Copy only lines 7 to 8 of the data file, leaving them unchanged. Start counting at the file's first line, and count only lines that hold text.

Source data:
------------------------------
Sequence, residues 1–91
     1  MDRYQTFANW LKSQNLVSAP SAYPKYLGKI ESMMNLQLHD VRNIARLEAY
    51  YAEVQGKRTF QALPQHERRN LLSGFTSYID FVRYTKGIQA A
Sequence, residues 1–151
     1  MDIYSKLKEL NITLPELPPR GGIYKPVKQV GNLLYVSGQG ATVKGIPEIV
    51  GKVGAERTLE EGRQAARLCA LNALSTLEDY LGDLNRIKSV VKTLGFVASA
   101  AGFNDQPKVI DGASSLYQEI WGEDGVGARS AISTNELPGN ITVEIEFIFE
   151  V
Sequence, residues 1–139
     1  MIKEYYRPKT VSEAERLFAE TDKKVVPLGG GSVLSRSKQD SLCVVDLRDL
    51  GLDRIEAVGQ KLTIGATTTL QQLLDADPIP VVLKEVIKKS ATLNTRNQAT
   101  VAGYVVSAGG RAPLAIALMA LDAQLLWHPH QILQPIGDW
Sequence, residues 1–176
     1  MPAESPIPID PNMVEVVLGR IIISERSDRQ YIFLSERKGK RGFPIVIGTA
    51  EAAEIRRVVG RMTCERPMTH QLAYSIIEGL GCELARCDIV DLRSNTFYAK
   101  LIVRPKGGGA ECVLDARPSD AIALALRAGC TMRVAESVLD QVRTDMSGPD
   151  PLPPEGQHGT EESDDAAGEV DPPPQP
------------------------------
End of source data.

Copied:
   101  AGFNDQPKVI DGASSLYQEI WGEDGVGARS AISTNELPGN ITVEIEFIFE
   151  V